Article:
This was all done in the absence of both the parties and their attorneys. A day or two afterwards the justice met one of the attor neys for the defendant, who, after being informed as to what had been done, said it was all right so far as they were concerned. On October 30, 1883, which was the day set for the trial of the case, the plaintiff and his attorneys appeared before Justice CLARK and filed a motion in writing to quash the proceedings had with reference to the opening up of the said judgment, and to dismiss the further hearing of the case. This motion was overruled by the justice of the peace. A trial was then had before the justice, and on November 1, 1883, a judgment was rendered in favor of the plaintiff and against the defendant for $44.80 and costs, taxed at $7.70. An appeal bond was then filed by the defendant and approved by the justice of the peace. On November 6, 1883, the justice of the peace allowed a bill of exceptions to the plaintiff, showing all the proceedings, not otherwise of record, with reference to the opening up of the original judgment in the case. The plaintiff then took the case to the district court on petition in error, and alleged as grounds for error the foregoing proceedings had with reference to the opening up of said judgment, and the order of the justice of the peace in overruling the plaintiff's motion to quash such proceedings. The district court affirmed the rulings and judgment of the justice of the peace, and the plaintiff then brought the case to this court upon petition in error, and in this court he assigns for error the foregoing decision of the district court in affirming the proceedings and judgment of the justice of the peace.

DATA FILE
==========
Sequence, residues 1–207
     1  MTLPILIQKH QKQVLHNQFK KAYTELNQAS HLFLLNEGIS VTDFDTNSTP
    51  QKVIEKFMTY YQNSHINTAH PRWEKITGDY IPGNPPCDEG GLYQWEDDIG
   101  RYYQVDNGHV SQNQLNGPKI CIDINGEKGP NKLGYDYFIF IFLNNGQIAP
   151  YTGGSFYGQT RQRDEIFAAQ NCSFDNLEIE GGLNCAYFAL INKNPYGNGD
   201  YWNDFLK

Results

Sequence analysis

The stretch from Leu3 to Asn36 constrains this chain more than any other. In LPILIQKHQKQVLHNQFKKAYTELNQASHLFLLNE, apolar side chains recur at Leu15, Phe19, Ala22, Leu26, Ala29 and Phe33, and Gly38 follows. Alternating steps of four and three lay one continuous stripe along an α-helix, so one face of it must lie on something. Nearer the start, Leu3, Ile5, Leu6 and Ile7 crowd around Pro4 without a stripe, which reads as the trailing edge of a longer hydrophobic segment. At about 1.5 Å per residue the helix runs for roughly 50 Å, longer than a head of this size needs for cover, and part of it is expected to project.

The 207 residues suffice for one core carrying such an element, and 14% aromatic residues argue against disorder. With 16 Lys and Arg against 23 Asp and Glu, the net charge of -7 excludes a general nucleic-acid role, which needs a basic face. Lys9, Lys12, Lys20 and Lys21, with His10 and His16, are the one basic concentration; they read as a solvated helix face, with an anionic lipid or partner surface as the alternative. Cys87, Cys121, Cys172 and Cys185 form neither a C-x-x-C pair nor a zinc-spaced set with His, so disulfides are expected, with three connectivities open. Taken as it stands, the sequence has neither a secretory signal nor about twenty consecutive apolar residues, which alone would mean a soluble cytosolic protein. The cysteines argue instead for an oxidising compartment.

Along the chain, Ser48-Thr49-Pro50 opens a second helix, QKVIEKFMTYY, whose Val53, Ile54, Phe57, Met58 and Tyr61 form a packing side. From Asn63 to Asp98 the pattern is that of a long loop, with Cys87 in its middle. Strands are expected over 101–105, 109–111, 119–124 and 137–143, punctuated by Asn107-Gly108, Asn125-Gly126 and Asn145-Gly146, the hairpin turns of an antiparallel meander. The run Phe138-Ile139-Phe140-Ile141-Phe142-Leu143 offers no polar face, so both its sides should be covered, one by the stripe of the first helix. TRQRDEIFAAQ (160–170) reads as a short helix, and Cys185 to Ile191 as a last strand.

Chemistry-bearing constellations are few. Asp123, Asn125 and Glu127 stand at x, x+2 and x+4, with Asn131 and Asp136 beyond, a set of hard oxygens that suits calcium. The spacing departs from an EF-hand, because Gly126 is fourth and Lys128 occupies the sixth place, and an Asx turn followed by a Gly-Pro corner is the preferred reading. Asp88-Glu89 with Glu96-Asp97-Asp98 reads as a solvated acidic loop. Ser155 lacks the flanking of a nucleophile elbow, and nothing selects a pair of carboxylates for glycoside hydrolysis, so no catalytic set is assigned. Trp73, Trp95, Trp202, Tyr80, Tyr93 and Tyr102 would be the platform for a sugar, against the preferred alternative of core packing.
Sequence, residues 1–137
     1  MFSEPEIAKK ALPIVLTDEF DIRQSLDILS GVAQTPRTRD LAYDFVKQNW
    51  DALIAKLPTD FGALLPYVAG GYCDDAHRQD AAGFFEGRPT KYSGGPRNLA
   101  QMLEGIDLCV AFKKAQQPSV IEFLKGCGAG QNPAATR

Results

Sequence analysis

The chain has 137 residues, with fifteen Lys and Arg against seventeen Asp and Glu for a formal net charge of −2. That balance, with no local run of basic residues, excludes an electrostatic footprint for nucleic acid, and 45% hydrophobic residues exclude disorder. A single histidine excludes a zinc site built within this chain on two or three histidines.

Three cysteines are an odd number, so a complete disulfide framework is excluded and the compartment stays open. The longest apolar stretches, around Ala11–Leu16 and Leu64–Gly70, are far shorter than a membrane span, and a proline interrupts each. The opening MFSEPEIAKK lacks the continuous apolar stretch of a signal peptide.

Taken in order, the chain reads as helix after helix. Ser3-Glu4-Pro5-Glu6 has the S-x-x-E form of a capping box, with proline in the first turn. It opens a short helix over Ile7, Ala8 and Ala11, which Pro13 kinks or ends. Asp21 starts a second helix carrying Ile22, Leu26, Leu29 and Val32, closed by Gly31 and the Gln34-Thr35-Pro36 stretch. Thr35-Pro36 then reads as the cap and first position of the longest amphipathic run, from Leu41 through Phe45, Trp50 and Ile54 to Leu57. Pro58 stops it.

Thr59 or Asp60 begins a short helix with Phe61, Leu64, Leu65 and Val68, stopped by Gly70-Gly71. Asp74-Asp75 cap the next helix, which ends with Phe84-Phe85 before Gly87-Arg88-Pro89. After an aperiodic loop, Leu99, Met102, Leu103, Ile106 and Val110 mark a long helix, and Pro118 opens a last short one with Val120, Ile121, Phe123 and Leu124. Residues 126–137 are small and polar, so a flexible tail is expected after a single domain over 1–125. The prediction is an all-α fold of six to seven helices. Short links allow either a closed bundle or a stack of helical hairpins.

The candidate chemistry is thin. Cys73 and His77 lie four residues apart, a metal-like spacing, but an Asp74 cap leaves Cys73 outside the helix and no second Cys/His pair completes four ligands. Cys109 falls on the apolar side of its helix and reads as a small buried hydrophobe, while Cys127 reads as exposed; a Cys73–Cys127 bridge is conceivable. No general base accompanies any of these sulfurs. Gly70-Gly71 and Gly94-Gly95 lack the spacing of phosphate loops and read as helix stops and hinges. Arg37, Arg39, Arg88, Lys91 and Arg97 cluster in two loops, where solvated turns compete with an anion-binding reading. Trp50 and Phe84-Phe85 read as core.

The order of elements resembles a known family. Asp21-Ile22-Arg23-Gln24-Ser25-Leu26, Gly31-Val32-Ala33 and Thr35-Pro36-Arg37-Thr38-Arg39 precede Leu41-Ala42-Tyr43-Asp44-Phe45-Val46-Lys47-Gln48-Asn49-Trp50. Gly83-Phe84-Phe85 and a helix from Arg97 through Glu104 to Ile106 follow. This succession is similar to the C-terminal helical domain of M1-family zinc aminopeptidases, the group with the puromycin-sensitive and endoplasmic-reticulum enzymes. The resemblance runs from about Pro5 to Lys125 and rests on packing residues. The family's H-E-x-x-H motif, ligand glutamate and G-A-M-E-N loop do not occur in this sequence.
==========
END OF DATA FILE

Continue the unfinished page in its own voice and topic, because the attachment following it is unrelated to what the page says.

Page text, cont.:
The only question involved in this case is whether the proceedings had to open up the original judgment rendered in this case by Justice CLARK were so irregular as to be void. The only irregularities urged by the plaintiff as rendering such proceedings void are the following: (1) It is claimed that the written offer to confess judgment was signed by the attorneys for the defendant, and not by the defendant himself. (2) It is claimed that when the papers were filed in the office of Justice CLARK and when the first order was made with reference to opening up the judgment which was made by Justice NICHOLS, the real justice of the peace having jurisdiction of the case, to-wit, Justice CLARK, was not present. (3) When the judgment was rendered upon the defendant's offer to confess judgment, neither the defendant himself nor either of his counsel was present.

The paper, including the motion to open up and set aside the original judgment and the offer to confess judgment for costs, reads as follows:

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"Before E. M. Clark, a Justice of the Peace of McPherson Township, in McPherson County, State of Kansas.

"FRANK O. BATES, Plaintiff, v. J. A. MCCONNELL, Defendant. "And now comes the said defendant, J. A. McConnell, and moves the court to set aside the judgment in the above-entitled action, rendered against him in his absence, on the twenty-eighth day of September, 1883, for reasons set forth in affidavit filed herewith, and hereby confesses judgment for the sum of $6.45, the costs in said cause, and asks that the trial be set for the thirtieth day of October, 1883, at 2 P. M. SIMPSON & BOWKER,

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Attorneys for Defendant."